Alcohol Addiction

Why Can I Not Stop Drinking?

Alcoholism is a disease, just like other types of substance abuse. It is a problem that causes many symptoms such as tolerance, physical dependence, a loss of control, and intense cravings. In addition to other factors, these symptoms contribute to why people suffering from alcohol addiction cannot stop drinking. Alterations in their brain chemistry also contribute to this.

Brain chemistry plays a crucial part in alcohol addiction. Any positive reinforcement linked to alcohol use and excessive drinking can gradually lead to modifications in the brain’s dopamine release. Several factors lead to alcohol dependence aside from brain chemistry, with some underlying factors also playing a role. Things like genetics, environmental influences, and mental health can all lead to a drinking problem.

However, the one thing to keep in mind is that alcoholism treatment should be prioritized if anyone is suffering from a drinking problem or a substance abuse problem.

Alcohol Tolerance By The Body

Alcohol AbuseAs you keep drinking over time, your brain starts conforming to the presence of alcohol. This is why heavy drinkers respond differently from people who only drink occasionally due to their alcohol tolerance. Heavy drinkers tend to drink more alcohol to become intoxicated because the more alcohol is exposed to the brain, the more desensitized it becomes to alcohol’s effects. It is an endless cycle. Thus, the more you drink over time, the more alcohol you need to keep drinking to experience the desired results. Additionally, the more you drink, the worse you will feel when you are not under the influence, leading to withdrawal symptoms.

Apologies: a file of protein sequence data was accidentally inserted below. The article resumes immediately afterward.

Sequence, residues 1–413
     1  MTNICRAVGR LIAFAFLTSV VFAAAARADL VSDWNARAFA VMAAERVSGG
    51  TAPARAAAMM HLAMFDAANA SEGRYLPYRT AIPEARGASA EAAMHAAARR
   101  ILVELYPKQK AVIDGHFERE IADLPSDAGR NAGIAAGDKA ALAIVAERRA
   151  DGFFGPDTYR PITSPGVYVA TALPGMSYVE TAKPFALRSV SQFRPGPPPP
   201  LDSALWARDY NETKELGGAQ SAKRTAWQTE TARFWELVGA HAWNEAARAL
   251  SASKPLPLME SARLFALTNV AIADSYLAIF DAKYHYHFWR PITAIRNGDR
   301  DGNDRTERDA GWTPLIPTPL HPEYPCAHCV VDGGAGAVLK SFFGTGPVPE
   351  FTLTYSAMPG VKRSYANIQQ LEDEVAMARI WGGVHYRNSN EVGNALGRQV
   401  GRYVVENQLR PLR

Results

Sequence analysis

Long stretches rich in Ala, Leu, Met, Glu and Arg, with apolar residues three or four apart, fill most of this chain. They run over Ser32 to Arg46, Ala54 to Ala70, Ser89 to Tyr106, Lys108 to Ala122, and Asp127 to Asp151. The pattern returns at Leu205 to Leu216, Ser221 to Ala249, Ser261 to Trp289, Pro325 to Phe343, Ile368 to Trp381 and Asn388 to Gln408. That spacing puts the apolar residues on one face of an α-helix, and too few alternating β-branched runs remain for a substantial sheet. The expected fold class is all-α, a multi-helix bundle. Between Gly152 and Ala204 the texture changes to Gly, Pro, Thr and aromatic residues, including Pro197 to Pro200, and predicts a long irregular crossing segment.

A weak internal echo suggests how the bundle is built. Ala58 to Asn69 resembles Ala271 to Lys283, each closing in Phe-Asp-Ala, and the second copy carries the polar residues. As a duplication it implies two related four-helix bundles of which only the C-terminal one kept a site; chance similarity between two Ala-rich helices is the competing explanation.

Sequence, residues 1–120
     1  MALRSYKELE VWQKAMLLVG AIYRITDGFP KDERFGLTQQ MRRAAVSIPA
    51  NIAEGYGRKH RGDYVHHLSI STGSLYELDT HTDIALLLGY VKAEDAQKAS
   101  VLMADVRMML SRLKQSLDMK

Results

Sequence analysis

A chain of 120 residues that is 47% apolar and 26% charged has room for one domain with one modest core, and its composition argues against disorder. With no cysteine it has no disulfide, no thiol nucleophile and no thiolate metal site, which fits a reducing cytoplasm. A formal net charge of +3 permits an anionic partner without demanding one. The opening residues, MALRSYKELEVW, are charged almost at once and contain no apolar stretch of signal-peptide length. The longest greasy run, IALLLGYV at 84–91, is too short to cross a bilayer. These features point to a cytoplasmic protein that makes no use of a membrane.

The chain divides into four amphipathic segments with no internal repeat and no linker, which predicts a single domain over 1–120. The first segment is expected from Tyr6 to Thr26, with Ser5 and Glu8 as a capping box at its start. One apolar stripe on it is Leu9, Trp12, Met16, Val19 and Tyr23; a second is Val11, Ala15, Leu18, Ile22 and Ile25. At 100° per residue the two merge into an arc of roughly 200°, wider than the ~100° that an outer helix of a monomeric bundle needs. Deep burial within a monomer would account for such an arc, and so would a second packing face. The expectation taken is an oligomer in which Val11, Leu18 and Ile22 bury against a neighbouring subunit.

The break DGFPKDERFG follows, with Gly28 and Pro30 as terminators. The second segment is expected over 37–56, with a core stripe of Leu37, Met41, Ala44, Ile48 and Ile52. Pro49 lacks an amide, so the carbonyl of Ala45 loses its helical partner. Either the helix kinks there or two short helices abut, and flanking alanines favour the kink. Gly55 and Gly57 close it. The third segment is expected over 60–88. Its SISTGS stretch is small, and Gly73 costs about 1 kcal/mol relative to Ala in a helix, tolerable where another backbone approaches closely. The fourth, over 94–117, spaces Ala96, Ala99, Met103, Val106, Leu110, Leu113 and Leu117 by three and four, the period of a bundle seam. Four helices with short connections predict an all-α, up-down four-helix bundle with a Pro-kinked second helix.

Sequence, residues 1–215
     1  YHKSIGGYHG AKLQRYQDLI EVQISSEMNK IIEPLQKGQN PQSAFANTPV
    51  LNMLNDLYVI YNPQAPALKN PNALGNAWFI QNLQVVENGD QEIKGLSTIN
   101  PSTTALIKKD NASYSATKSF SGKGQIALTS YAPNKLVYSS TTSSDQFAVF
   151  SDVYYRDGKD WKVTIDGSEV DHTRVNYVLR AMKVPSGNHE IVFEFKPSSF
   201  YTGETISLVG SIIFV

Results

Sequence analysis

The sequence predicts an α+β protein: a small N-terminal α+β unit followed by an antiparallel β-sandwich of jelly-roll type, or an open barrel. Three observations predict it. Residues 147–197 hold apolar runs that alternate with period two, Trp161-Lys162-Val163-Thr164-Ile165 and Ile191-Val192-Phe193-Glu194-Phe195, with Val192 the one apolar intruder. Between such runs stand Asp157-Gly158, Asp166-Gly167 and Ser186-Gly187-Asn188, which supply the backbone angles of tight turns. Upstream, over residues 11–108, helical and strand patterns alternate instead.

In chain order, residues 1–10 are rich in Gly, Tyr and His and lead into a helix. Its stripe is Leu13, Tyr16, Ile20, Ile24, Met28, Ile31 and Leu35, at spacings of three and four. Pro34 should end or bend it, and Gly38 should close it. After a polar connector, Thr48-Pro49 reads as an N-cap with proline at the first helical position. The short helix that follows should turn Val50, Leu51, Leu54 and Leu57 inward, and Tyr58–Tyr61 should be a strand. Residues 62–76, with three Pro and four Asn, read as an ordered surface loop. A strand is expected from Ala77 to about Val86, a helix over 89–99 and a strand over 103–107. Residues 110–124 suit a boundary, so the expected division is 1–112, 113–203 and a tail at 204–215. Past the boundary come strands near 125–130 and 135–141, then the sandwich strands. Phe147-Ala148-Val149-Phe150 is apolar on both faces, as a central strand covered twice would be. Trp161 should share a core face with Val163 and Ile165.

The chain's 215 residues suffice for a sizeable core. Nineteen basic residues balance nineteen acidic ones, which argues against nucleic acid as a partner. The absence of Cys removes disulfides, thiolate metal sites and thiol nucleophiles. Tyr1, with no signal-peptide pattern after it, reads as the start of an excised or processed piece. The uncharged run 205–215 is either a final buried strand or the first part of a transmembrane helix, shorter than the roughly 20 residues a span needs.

Withdrawal Symptoms

Withdrawals are also caused by changes in one’s brain chemistry due to continuous substance abuse, just like tolerance. Under normal circumstances, your brain communicates using a balance of neurotransmitters which enable the brain and the body to operate without any hindrances. Alcohol can affect this ability and reduce the speed of signal transmission within the brain, leading to the effects connected with alcohol intoxication. The more excessively you drink, the more the brain starts adapting to alcohol. This causes it to compensate for the slowing effects of alcohol by increasing neurotransmitter activity to try and restore its balance in the presence of alcohol. However, if you remove the alcohol from the equation suddenly (i.e., a heavy drinker stops drinking), the brain has to modify itself again, leading to unpleasant withdrawal symptoms. Within 48 hours after a drinking session, one will experience severe withdrawal symptoms such as anxiety, restlessness, a fast heart rate, sweating, and more.

Alterations in Brain Chemistry

AlcoholismThe way alcohol dependence develops is a complicated process. If you want to learn more about alcohol addiction, it is essential to learn about the changes in brain chemistry. For example, one reason alcoholism can develop is the motivation to drink due to positive reinforcement. Reinforcement involves strengthening and rewarding a behavior (positive) or weakening or discouraging a behavior (negative) due to experience. For alcohol, most people will experience reduced anxiety or alcohol-induced happiness, which can increase alcohol-seeking tendencies. Alcohol’s positive reinforcement effects are strong motivators in drinking behavior during the early stages of alcohol abuse and use.